Like a puppy chasing its tail, some new investors often chase 'the next big thing', even if that means buying 'story stocks' without revenue, let alone profit. But as Warren Buffett has mused, 'If you've been playing poker for half an hour and you still don't know who the patsy is, you're the patsy.' When they buy such story stocks, investors are all too often the patsy.
In the age of tech-stock blue-sky investing, my choice may seem old fashioned; I still prefer profitable companies like UP Global Sourcing Holdings (LON:UPGS). While profit is not necessarily a social good, it's easy to admire a business that can consistently produce it. Loss-making companies are always racing against time to reach financial sustainability, but time is often a friend of the profitable company, especially if it is growing.
UP Global Sourcing Holdings's Earnings Per Share Are Growing.
As one of my mentors once told me, share price follows earnings per share (EPS). That means EPS growth is considered a real positive by most successful long-term investors. UP Global Sourcing Holdings managed to grow EPS by 14% per year, over three years. That's a good rate of growth, if it can be sustained.
I like to see top-line growth as an indication that growth is sustainable, and I look for a high earnings before interest and taxation (EBIT) margin to point to a competitive moat (though some companies with low margins also have moats). While we note UP Global Sourcing Holdings's EBIT margins were flat over the last year, revenue grew by a solid 19% to UK£147m. That's progress.
The chart below shows how the company's bottom and top lines have progressed over time. Click on the chart to see the exact numbers.
While we live in the present moment at all times, there's no doubt in my mind that the future matters more than the past. So why not check this interactive chart depicting future EPS estimates, for UP Global Sourcing Holdings?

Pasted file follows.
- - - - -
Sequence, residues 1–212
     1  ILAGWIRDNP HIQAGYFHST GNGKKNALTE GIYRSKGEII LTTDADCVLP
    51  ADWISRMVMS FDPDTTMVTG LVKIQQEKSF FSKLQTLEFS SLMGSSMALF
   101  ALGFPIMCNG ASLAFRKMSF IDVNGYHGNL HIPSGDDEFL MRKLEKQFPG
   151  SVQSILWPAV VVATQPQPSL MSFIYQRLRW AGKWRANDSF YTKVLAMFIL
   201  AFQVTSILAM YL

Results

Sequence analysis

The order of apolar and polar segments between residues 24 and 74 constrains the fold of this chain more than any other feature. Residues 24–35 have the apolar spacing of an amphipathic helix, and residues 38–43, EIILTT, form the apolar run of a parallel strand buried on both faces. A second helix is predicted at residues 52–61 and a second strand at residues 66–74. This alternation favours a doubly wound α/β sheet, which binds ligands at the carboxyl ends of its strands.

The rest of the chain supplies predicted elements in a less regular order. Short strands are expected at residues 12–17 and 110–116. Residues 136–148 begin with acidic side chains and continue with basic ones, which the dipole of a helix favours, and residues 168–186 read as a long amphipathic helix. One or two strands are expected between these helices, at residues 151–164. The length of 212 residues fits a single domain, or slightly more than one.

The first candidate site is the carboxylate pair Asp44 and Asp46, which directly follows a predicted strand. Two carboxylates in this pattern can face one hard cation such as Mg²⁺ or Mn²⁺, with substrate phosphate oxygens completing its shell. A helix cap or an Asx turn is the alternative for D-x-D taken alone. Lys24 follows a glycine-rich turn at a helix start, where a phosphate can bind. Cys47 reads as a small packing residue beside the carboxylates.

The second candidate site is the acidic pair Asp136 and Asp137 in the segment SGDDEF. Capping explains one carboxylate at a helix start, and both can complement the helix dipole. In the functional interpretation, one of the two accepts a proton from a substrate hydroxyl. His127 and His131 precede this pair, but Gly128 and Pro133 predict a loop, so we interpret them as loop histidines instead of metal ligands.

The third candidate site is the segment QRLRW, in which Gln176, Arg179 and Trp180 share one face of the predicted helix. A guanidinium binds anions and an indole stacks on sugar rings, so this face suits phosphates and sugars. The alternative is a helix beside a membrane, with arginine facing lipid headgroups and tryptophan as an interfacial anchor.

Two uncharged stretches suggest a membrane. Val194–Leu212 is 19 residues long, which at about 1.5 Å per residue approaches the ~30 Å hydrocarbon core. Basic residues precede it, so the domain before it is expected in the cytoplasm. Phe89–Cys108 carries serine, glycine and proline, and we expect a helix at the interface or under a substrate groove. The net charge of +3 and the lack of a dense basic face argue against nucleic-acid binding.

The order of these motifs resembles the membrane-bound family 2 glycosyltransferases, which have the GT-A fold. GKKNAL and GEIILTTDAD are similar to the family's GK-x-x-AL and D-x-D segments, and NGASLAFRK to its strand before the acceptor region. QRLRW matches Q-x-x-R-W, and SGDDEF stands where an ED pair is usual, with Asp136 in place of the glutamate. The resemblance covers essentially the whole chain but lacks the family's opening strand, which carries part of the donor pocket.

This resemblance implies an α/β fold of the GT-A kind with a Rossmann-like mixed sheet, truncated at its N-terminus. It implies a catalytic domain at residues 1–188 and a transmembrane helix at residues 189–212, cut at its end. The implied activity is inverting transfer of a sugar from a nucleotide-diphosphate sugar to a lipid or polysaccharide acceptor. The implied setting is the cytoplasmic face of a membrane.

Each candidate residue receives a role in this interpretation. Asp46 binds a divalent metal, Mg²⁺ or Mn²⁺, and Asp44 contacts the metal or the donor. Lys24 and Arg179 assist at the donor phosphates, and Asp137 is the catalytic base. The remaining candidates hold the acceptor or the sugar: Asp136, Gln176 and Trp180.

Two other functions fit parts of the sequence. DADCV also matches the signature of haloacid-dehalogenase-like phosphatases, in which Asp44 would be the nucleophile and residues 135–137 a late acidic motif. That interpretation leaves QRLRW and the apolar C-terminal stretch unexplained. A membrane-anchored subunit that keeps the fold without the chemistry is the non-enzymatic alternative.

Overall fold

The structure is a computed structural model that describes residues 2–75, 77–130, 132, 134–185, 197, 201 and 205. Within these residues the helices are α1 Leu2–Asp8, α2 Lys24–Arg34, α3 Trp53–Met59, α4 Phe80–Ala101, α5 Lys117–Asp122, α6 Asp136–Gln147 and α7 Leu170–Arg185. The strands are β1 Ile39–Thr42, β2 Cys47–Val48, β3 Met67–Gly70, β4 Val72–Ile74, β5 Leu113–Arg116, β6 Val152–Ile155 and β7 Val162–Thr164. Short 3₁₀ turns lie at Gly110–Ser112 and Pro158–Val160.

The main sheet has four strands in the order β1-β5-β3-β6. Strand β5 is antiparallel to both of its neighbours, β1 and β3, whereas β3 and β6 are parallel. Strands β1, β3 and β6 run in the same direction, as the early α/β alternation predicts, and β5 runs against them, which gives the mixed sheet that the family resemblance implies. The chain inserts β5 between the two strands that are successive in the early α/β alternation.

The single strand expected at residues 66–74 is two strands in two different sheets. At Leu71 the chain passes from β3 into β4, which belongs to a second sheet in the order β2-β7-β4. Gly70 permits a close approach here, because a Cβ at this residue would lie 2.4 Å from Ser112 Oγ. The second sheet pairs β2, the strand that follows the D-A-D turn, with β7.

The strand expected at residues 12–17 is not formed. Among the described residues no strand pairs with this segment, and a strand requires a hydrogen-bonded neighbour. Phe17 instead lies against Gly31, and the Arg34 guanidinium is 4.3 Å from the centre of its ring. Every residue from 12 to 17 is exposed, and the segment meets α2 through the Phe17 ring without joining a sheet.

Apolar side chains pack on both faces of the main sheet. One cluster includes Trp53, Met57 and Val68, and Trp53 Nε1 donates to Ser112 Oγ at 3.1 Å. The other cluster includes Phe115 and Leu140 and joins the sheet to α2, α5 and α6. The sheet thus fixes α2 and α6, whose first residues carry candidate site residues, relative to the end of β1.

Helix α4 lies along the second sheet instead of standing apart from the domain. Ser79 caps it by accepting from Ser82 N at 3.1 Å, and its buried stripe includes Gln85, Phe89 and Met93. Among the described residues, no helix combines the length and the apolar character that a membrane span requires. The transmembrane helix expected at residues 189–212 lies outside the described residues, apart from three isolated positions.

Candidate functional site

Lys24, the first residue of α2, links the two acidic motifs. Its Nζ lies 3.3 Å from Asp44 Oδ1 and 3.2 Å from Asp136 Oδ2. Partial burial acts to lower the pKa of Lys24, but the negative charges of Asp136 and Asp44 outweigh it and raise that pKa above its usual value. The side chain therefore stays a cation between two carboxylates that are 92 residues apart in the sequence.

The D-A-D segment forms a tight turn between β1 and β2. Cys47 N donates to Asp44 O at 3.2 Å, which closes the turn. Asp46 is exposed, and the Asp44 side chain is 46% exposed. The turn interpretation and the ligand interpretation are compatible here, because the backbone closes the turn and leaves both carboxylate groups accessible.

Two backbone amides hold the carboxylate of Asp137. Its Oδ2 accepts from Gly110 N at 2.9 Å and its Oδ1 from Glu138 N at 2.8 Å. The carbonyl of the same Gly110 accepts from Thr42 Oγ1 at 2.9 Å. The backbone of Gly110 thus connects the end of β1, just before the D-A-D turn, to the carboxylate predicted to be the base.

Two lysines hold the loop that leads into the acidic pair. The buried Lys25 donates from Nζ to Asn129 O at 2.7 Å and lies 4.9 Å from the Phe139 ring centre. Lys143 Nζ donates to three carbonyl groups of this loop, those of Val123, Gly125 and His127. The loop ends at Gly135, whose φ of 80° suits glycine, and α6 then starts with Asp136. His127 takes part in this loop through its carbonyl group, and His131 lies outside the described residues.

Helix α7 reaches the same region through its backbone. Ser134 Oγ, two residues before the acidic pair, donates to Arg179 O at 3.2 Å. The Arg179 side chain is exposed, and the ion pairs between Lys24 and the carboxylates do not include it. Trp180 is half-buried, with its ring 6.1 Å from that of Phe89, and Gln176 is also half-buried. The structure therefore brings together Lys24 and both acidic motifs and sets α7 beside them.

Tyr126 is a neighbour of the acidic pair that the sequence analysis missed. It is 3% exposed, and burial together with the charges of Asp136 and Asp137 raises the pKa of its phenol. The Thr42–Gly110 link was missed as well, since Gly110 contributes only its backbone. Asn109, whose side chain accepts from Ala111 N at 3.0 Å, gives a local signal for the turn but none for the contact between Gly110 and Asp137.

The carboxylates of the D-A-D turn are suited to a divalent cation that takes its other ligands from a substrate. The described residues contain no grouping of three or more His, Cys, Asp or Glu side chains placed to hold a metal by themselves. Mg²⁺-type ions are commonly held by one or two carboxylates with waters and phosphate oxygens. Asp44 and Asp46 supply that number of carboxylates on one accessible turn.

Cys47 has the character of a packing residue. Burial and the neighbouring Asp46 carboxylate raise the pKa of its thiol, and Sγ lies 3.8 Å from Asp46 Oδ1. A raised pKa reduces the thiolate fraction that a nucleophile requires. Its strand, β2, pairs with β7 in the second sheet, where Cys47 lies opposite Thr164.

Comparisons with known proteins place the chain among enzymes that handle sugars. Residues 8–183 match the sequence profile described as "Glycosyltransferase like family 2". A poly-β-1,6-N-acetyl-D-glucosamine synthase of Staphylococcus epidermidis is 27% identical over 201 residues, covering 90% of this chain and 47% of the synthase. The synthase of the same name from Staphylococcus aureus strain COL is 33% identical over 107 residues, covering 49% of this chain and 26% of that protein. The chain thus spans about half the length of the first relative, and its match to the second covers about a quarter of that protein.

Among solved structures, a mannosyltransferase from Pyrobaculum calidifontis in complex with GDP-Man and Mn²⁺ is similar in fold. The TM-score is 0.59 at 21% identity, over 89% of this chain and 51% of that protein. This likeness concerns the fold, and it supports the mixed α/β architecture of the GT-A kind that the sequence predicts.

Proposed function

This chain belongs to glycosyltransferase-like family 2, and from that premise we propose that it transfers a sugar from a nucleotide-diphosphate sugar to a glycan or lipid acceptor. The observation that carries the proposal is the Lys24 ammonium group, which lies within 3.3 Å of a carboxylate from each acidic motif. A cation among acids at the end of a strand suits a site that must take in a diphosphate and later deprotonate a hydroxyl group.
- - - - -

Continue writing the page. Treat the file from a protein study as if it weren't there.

Are UP Global Sourcing Holdings Insiders Aligned With All Shareholders?
Like standing at the lookout, surveying the horizon at sunrise, insider buying, for some investors, sparks joy. That's because insider buying often indicates that those closest to the company have confidence that the share price will perform well. However, small purchases are not always indicative of conviction, and insiders don't always get it right.
It's good to see UP Global Sourcing Holdings insiders walking the walk, by spending UK£306k on shares in just twelve months. When you contrast that with the complete lack of sales, it's easy for shareholders to brim with joyful expectancy. It is also worth noting that it was Company Secretary & Executive Director Graham Screawn who made the biggest single purchase, worth UK£294k, paying UK£1.96 per share.
And the insider buying isn't the only sign of alignment between shareholders and the board, since UP Global Sourcing Holdings insiders own more than a third of the company. Actually, with 43% of the company to their names, insiders are profoundly invested in the business. I'm always comforted by solid insider ownership like this, as it implies that those running the business are genuinely motivated to create shareholder value. With that sort of holding, insiders have about UK£47m riding on the stock, at current prices. That should be more than enough to keep them focussed on creating shareholder value!
Does UP Global Sourcing Holdings Deserve A Spot On Your Watchlist?
As I already mentioned, UP Global Sourcing Holdings is a growing business, which is what I like to see. Better yet, insiders are significant shareholders, and have been buying more shares. That makes the company a prime candidate for my watchlist - and arguably a research priority. You should always think about risks though. Case in point, we've spotted 5 warning signs for UP Global Sourcing Holdings you should be aware of, and 2 of them don't sit too well with us.
There are plenty of other companies that have insiders buying up shares. So if you like the sound of UP Global Sourcing Holdings, you'll probably love this free list of growing companies that insiders are buying.
Please note the insider transactions discussed in this article refer to reportable transactions in the relevant jurisdiction.
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This article by Simply Wall St is general in nature. We provide commentary based on historical data and analyst forecasts only using an unbiased methodology and our articles are not intended to be financial advice. It does not constitute a recommendation to buy or sell any stock, and does not take account of your objectives, or your financial situation. We aim to bring you long-term focused analysis driven by fundamental data. Note that our analysis may not factor in the latest price-sensitive company announcements or qualitative material. Simply Wall St has no position in any stocks mentioned.